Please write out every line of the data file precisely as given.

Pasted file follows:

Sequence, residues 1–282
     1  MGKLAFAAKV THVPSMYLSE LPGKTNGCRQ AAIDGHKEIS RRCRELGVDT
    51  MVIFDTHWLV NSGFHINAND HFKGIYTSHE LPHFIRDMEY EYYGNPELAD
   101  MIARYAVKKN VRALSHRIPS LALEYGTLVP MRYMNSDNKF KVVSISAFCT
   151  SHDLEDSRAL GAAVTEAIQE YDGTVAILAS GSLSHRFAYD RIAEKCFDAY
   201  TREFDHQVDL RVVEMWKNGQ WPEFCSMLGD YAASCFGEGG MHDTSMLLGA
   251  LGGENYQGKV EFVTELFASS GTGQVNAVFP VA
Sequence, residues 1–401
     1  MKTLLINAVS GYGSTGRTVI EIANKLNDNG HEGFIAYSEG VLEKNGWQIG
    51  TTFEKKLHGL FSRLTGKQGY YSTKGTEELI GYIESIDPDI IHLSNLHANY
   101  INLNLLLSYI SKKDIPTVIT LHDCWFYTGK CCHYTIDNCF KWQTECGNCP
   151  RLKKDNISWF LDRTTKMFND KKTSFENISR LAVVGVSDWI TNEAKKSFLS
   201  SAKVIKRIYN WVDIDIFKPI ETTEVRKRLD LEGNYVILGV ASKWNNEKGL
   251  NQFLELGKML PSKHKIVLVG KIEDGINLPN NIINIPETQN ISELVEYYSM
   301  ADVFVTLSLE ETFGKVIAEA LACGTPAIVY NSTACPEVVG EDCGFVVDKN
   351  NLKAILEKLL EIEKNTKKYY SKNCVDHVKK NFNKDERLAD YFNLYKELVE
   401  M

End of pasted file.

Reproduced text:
Sequence, residues 1–282
     1  MGKLAFAAKV THVPSMYLSE LPGKTNGCRQ AAIDGHKEIS RRCRELGVDT
    51  MVIFDTHWLV NSGFHINAND HFKGIYTSHE LPHFIRDMEY EYYGNPELAD
   101  MIARYAVKKN VRALSHRIPS LALEYGTLVP MRYMNSDNKF KVVSISAFCT
   151  SHDLEDSRAL GAAVTEAIQE YDGTVAILAS GSLSHRFAYD RIAEKCFDAY
   201  TREFDHQVDL RVVEMWKNGQ WPEFCSMLGD YAASCFGEGG MHDTSMLLGA
   251  LGGENYQGKV EFVTELFASS GTGQVNAVFP VA
Sequence, residues 1–401
     1  MKTLLINAVS GYGSTGRTVI EIANKLNDNG HEGFIAYSEG VLEKNGWQIG
    51  TTFEKKLHGL FSRLTGKQGY YSTKGTEELI GYIESIDPDI IHLSNLHANY
   101  INLNLLLSYI SKKDIPTVIT LHDCWFYTGK CCHYTIDNCF KWQTECGNCP
   151  RLKKDNISWF LDRTTKMFND KKTSFENISR LAVVGVSDWI TNEAKKSFLS
   201  SAKVIKRIYN WVDIDIFKPI ETTEVRKRLD LEGNYVILGV ASKWNNEKGL
   251  NQFLELGKML PSKHKIVLVG KIEDGINLPN NIINIPETQN ISELVEYYSM
   301  ADVFVTLSLE ETFGKVIAEA LACGTPAIVY NSTACPEVVG EDCGFVVDKN
   351  NLKAILEKLL EIEKNTKKYY SKNCVDHVKK NFNKDERLAD YFNLYKELVE
   401  M